The Perfect Storm

When will elected officials tackle the building pension crisis? According to researchers at the American Enterprise Institute "it is only when the gloom of crisis finally descends that public officials will muster the will to address the mismatch between [pension] promises and resources".

Obviously in Pennsylvania that gloom arrives at different times-with two statewide systems (one for teachers, one for state workers) and more than 3,000 local government plans-depending on the funding status and weight of unfunded liabilities. It could be easily argued that the gloom is on Pittsburgh. Just yesterday the Council approved its Act 47 amendment that calls for an additional $10-$14 million per year to be put toward pensions. Philadelphia is at that point as well with unfunded liabilities of close to $4 billion and a funded ratio of 55% in 2008, only besting Pittsburgh (29%) and Atlanta (53% in 2007) according to a Pew Charitable Trust study of the issue. The majority of other local plans entered the economic downturn with healthy funded ratios. Now the Public Employee Retirement Commission is trying to build consensus for municipal reform, including an option to shuttle the most troubled municipal plans to state control and oversight.

The day of reckoning for the statewide systems in Pennsylvania is closer to 2012 when rate spikes are expected to take hold. A presentation made to the Senate Finance Committee last month showed that the employer (school district) pension contribution is supposed to grow from 4.75% in 2011 to 16.40% in 2012. The companion state retiree system shows employer contribution rising from 8.79% in 2011 to 28.30% in 2012.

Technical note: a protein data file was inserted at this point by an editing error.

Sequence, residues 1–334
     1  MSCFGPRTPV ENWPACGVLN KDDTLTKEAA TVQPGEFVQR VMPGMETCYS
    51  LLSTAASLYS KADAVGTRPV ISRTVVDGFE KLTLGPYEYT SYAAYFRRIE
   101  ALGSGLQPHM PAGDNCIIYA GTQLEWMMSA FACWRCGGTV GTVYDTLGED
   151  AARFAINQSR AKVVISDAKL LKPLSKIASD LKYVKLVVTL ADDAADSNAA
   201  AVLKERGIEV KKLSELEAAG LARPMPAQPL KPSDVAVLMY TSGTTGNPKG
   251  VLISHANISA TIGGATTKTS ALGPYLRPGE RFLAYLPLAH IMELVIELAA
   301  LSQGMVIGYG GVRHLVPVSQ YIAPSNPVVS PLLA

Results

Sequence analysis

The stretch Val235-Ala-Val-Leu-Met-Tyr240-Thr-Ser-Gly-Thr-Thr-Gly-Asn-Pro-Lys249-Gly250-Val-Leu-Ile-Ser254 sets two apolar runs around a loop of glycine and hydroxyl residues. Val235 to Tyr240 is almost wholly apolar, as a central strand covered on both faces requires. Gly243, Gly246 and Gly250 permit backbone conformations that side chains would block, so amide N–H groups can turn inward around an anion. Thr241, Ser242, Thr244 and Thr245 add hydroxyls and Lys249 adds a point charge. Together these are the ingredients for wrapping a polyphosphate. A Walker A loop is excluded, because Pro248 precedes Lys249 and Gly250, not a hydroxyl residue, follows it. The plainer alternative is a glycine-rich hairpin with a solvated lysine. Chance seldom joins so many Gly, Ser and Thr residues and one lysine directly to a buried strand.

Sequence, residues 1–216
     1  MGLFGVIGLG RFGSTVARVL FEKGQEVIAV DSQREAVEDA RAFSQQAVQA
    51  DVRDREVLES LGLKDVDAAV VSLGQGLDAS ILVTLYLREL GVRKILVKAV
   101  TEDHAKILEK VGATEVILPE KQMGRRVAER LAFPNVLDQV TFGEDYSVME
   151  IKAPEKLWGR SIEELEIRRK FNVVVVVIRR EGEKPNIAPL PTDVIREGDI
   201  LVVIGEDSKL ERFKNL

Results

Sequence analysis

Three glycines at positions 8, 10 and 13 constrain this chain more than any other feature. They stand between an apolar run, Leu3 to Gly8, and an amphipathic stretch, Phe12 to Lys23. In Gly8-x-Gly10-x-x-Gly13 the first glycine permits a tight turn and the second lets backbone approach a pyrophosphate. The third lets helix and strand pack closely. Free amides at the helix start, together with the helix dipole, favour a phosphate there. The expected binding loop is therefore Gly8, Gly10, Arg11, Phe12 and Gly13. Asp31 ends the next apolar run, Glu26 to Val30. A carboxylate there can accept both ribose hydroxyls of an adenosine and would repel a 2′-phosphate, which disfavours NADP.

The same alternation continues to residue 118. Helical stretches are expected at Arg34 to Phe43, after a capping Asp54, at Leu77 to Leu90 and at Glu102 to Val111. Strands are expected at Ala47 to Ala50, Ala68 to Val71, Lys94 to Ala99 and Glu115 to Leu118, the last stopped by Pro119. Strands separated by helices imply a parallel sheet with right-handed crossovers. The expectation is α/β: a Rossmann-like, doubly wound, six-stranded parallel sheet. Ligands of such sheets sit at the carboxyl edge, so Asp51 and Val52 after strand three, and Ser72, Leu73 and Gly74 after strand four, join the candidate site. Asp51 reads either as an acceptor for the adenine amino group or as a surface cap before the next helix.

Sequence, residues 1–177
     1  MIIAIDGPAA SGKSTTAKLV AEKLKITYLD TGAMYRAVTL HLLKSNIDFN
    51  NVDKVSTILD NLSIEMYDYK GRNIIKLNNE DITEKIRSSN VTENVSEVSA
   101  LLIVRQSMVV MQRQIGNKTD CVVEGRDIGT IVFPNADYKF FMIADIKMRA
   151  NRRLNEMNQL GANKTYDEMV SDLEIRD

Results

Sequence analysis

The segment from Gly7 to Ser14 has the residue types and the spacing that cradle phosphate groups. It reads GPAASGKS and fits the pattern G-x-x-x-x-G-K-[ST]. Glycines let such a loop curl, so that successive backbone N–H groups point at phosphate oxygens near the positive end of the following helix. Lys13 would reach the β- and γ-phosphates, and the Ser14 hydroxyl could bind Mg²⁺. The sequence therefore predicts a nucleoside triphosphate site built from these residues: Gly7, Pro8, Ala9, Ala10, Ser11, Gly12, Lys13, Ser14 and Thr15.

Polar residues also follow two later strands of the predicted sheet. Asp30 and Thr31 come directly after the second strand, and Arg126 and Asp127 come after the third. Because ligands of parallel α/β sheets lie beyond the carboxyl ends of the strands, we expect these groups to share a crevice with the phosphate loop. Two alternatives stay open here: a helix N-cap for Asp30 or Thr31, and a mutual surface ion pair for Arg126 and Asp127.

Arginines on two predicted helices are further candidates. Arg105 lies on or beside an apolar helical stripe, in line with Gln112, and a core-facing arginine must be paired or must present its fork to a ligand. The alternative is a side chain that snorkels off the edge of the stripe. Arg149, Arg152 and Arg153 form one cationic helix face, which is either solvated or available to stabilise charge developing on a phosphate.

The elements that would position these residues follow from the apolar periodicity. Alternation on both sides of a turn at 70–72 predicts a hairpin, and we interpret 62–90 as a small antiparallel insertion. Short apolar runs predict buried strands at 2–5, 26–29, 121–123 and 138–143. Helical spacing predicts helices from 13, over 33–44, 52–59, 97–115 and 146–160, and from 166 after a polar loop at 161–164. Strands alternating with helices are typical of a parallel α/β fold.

That same AEI study notes an expert as saying "once granted, a pension is a contractual obligation of the employer" and taxpayers will be on the hook for any shortfall. Not a reassuring situation for a state contemplating tax hikes or a region where its largest County just added two new taxes and its largest City is looking for a variety of tax and fee options.

Lumping in Pensions

Obviously content with the progress in merging the City of Pittsburgh and Allegheny County, the Chief Executive (along with other county officials) convened a panel on local pensions yesterday that examined what should be done with the 3,100-plus plans that dot the Commonwealth. "Should there be a statewide municipal pension fund?" was one question the Executive asked.

The answer is "it depends". If the plan is to absolve local governments completely of there liabilities, it is unlikely to happen. Philadelphia alone accounts for nearly $4 billion in unfunded liabilities, the lion’s share of the total local unfunded liability. If there is a voluntary movement to the existing PA Municipal Retirement System where there would be management of investments but local governments still make contributions, it would be possible but it would be a gradual process.

But it is not true that consolidation would allow municipalities to withstand market downturns or pressure from parties interested in increasing benefits as the Executive seemed to imply. Consider that the state’s two statewide pension plans-SERS for state workers and PSERS for teachers-have been hammered by the downturn. And since these huge plans cover so many workers the impact of rate spikes are much more widespread. We already know that both systems are set for big jumps in the employer contribution rate due to promises made by the Legislature in the early part of the decade. School districts could see a tripling of their rates. One school official noted "even though we know we are coming up to a cliff, nobody’s been willing to address that cliff ahead of time".

Strength in numbers? Maybe, maybe not.